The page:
TMH board approves 2010 budget

In other action

The Memorial Hospital board:

• Approved, 6-0, the appointment of Philip Freedman, MD, to provisional staff.

• Approved, 6-0, the reappointment of J.D. Gilliland, MD, to associate staff.

• Approved, 6-0, the reappointment of Robert Lile, MD, to associate staff.

• Approved, 6-0, the reappointment of Stanley Pense, MD, to active staff.

• Approved, 6-0, a request for Larry Kipe, MD, to receive privileges to provide obstetric services.

• Approved, 5-0, a recommendation to buy out the equipment lease of the old MRI machine in the Moffat Building.

• Approved, 5-0, a recommendation to terminate the lease at the Moffat Building.

Brian Chalmers started work as The Memorial Hospital’s chief financial officer in late September.

In under two months, he was expected to get up to speed on procedures, move into a new, $42.6 million building and start almost from scratch on a 2010 budget that accounts for an economic recession and the looming reality of a $2 million loan payment.

The final product was presented to the TMH board in its monthly meeting Monday night: a four-page summary of a budget full of unknowns.

The board approved, 6-0, more than $30 million budget, which reflected a projected net income of $231,623, compared with last year’s net income of more than $1 million.

A more than $4 million increase in expenses is mostly because of the new facility, which is the main source of the unknown factors making this year different than any other.

Chief executive officer George Rohrich said administrators worked hard to keep the budget within safe boundaries of assumptions and projections.

“We want to be conservative with our budget,” Rohrich said. “It’s a better place to be than to be aggressive. There are a lot of significant unknowns as we move into the new building and dissolve the old one. We want something that is well-thought through.”

Still, some board members were a little uncomfortable with the assumptions that the 2010 budget is based on, including an anticipated 16-percent growth in revenue.

However, Chalmers was confident the hospital could reach that figure based on historical data from TMH and research studies that show the affect of new facilities on critical access hospitals.

He also assumed that the hospital could utilize the higher levels of productivity that the new facility provides to help alleviate bad debt and increase market share.

The board’s main concern was payments on the new building.

Because TMH moved into a new facility, it will receive increased reimbursements from the federal government through Medicare.

However, those reimbursements won’t be adjusted completely until the beginning of 2011.

The issue lies with the fact that while payments on the building loan begin in July 2010, the increased revenue from the federal government still is six months past that.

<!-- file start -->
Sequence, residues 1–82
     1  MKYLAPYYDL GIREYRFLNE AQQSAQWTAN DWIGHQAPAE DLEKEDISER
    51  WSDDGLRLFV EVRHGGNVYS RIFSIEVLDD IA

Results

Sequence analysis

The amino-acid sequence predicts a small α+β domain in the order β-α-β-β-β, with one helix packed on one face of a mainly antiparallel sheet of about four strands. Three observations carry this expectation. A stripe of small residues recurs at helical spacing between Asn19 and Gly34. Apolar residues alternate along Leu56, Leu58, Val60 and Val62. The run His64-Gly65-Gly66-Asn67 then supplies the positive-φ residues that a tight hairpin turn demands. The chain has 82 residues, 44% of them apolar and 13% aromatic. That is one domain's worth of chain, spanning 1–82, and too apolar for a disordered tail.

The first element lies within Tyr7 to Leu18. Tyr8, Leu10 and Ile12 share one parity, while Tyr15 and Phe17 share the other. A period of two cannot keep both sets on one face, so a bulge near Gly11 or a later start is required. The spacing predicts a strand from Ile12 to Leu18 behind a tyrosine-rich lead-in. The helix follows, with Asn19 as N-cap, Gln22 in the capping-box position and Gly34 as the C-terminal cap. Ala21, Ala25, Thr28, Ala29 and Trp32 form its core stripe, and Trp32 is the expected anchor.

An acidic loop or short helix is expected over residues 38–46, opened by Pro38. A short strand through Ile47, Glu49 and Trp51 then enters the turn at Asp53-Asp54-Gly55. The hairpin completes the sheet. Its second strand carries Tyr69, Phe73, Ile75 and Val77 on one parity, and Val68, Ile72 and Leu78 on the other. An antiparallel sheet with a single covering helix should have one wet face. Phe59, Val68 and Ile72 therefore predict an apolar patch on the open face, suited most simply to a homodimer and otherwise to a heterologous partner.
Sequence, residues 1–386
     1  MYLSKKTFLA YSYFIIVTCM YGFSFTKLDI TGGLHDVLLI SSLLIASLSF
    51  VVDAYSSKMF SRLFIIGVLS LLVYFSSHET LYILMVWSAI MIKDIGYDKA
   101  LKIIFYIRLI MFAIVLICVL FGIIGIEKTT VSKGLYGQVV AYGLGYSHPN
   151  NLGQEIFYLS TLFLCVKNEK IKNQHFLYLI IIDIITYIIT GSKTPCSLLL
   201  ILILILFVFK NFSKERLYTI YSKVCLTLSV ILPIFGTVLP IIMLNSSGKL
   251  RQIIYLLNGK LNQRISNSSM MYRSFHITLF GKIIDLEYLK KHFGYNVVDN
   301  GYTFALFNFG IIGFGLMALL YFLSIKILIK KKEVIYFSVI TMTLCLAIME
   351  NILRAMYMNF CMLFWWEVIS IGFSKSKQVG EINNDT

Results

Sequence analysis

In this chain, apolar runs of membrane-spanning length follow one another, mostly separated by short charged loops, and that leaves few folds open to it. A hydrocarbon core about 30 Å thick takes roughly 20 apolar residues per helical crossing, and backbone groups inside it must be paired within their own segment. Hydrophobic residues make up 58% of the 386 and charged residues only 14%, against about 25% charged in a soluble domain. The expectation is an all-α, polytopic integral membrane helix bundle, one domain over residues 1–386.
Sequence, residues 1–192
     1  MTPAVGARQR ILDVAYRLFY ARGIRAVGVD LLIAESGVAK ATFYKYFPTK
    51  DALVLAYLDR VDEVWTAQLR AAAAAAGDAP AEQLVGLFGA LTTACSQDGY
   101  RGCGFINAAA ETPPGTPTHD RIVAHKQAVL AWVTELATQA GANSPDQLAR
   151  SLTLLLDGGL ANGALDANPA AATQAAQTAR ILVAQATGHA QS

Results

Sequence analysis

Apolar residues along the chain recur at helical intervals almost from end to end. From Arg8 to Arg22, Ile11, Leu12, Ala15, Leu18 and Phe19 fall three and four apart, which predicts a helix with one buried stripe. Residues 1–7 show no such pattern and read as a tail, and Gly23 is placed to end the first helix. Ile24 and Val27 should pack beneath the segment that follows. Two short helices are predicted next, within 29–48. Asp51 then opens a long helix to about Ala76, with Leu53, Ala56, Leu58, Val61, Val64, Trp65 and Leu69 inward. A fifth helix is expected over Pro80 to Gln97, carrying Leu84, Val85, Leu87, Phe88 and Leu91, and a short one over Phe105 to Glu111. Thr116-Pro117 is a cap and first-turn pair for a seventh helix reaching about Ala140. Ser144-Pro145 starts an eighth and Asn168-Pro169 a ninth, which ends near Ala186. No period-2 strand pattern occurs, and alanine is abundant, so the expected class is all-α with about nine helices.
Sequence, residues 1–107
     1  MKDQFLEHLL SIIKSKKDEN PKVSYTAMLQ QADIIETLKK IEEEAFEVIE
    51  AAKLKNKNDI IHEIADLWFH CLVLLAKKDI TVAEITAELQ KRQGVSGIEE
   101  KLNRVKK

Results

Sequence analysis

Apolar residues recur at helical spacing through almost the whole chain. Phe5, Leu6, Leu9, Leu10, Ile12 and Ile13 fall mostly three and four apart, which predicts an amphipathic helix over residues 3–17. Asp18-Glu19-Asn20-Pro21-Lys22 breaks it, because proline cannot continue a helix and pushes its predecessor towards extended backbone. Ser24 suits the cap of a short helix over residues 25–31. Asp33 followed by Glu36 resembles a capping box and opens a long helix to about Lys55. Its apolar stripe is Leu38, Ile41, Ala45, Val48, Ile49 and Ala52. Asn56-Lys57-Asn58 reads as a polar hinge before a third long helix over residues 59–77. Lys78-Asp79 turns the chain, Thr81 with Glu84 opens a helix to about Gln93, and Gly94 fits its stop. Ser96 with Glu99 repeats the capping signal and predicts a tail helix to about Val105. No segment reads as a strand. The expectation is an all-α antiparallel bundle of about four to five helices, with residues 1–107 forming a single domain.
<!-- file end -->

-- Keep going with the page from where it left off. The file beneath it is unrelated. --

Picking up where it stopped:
In addition, the payments on the building loan will increase in 2011.

Board chair Ron Danner said the key to making the large payments in 2011 will be the Medicare reimbursements.

“That’s the biggest lever we have,” he said. “That’s the answer.”

However, Rohrich said TMH would have to watch its expenses closely and keep an eye on the unknown factors throughout the year.

“The scary part is we’re relying on the government here,” he said. “The most control we have is over expenses. We don’t fully realize changes in reimbursements until 2011, and we don’t catch up until then. And the government doesn’t catch up with us until then. 2010 will be our bad year.”

The realities of a “bad year” means that capital purchases, such as requests for new equipment and medical technology, will be considered on a case-by-case basis throughout the year.

“None of this will happen if we don’t have the cash,” he said, referring to the list of requested equipment. “Cash is king. The reality is that we would have liked two more months to work on this.”

Chalmers agreed that he normally would spend three to four months on a budget of this magnitude.

“I just wasn’t afforded the time,” he said. “We had to make assumptions using historical data and then prove them the best we can. It will come down to recognizing when we come up against a shortfall. We can be aware of it.”

County Commissioner Tom Gray said he recognized the looming issues of loan payments and revenue uncertainties, but that there always would be unknowns when dealing with a transition like TMH’s.

“You can only be so certain,” he said. “So, instead of planning for the best, you just plan for not quite the worst.”

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